Olivia has been hard at work learning all about the Roman Empire starting with Julius Caesar on up to Tiberius so far. The main book we read was Augustus Caesar's World, which tells the story of Octavius Caesar in a mostly narrative form. Some of the chapters digressed to give some context about what was happening in other parts of the world, which was usually interesting. A word of warning, tho: The book was written in the 1940s and so has a few errors concerning dates, especially around the birth of Messiah (She titled the chapter: December 25, Year 1), and there are a few portions that could be seriously misconstrued as racist or anti-semitic, so be sure to read ahead if you're going to use this book. Other than that, the information and insight into the Golden Age of Roman civilization was really great.
Augustus Caesar has been, by far, the most influential of Rome's Emperors, having consolidated power under one man, expanded the empire to its largest extents in history, and ushering in an unparalleled era of peace, The Pax Romana, which lasted for more than 200 years.
She learned about how the Roman Army was structured and how its soldiers were professionals who usually had no other occupation. She also learned about how, when they conquered a region, they enlisted the locals and trained them to be part of the army.
She has also studied the great contributions that Rome made to architecture with aqueducts and arches, even going so far as to build one herself!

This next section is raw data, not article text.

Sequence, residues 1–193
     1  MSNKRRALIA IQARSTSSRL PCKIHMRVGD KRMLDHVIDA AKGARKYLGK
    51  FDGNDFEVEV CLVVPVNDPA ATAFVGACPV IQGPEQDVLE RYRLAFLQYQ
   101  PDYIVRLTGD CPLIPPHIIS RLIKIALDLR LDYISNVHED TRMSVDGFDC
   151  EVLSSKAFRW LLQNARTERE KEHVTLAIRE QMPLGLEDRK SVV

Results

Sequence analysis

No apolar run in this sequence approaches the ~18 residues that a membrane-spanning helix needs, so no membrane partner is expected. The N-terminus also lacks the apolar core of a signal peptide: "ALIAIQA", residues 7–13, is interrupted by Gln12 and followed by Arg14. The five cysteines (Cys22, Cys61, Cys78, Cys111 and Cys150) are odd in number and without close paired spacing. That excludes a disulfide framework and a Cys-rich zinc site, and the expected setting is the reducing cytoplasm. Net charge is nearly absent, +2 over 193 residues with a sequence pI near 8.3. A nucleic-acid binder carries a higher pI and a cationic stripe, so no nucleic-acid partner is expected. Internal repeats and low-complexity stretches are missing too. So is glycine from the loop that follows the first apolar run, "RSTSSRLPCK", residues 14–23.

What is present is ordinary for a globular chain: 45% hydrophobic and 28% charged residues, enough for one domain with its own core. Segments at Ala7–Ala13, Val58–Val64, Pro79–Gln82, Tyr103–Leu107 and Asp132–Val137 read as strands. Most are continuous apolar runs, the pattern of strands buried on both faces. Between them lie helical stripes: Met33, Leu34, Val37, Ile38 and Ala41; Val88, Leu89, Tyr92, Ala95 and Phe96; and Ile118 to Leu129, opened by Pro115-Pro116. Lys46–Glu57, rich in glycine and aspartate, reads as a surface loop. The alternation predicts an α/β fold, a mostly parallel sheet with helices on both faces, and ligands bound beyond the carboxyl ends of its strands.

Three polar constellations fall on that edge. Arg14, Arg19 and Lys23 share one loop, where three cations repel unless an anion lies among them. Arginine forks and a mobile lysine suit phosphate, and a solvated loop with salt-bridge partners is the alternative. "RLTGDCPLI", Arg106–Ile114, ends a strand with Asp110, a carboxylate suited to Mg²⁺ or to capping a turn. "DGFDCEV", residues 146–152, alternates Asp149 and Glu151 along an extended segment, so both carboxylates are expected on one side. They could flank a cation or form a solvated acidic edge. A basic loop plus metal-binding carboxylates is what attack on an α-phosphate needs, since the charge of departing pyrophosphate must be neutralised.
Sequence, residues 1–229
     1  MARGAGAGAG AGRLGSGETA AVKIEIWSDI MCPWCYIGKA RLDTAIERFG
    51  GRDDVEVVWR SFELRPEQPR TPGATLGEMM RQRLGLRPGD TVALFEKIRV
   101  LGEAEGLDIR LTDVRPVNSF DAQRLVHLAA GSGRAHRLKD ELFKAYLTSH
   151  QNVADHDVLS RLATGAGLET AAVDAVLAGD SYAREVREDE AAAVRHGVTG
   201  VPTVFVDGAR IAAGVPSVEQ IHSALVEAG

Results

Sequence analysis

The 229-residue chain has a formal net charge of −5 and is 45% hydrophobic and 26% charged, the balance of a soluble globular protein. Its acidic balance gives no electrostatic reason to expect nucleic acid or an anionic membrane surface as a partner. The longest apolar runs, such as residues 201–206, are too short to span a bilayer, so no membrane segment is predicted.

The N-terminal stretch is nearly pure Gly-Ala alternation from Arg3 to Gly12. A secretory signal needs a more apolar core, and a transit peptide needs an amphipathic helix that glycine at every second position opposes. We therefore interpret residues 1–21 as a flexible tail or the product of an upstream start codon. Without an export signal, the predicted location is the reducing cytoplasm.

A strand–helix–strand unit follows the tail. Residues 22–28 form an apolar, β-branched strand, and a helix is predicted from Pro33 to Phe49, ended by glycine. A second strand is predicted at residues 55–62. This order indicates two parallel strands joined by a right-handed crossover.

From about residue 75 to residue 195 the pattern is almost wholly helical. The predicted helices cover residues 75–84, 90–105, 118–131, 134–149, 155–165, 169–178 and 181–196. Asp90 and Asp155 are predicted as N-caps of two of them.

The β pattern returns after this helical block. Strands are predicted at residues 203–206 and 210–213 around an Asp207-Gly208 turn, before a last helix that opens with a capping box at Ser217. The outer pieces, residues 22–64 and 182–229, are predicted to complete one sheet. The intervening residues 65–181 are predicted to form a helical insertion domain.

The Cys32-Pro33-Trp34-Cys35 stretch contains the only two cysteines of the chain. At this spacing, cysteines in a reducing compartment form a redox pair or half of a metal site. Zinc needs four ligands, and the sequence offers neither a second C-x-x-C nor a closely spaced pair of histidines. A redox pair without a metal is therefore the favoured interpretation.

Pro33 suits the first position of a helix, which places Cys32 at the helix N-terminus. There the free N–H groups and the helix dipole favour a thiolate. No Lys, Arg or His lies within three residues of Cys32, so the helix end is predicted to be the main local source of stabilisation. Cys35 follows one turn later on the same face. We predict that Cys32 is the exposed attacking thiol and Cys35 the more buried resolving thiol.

Those are pudding boxes that, unfortunately, had to be cut to make them the right shape. I guess that means we'll be eating pudding for a while...
While learning about Rome itself, she also started learning about Israel during the same period and how Herod became Tetrarch under Augustus. At this point, her Bible study started to mesh together with history as we read about the birth of Yeshua, his life, ministry, death and resurrection both in the scriptures and in her history books.
Now, we're up to Acts and Paul and the spreading of the Gospel throughout the Roman Empire.
In her Art, she's learning about perspective and proportion. It amazes me sometimes to see her duplicate the example drawings with a fair degree of accuracy. Art was never one of my strong points, so she must get this from her mother. :)
And, in line with her science, she has started doing some human body studies, learning how to draw hand and make people proportional on the page.
And speaking of science...
We are currently studying bones and joints. All the kids really enjoy looking at the body books and seeing all the amazing ways that God made us!
One experiment that's currently on-going is soaking a chicken bone in vinegar to see what happens. We've actually done this before, so she knows what happens, but it's cool anyway. Technically, it's not a chicken bone, but a guinea hen, which...tastes like chicken. Seriously.
Some of her other work includes doing writing activities from Primary Language Lessons like picture studies and letter writing. The activity is usually to read a letter in the book and write a response to it. It's funny to read her responses to letters asking about pocket knives or sheep. She's also been learning to write in cursive, which I know most public schools have stopped doing, but we feel like is still a necessary skill to have, even in this age of email and social media being the main forms of communication.
One thing both Olivia and I have enjoyed immensely (not just this year but last year, too) has been the read-aloud books they assign. The first one this year was called The Bronze Bow and it was fantastic. It was actually hard not to continue reading after Olivia went to bed. :) Even if you're not doing MFW, I highly recommend this book.
In music this year, in addition to Olivia's piano lessons, she's learning about Beethoven, Haydn and Mozart. She has been just amazed at the music these guys wrote, especially Beethoven, because he was deaf, and Mozart, who was 4 when he wrote a concerto!
That's all for this time. More to come in the new year!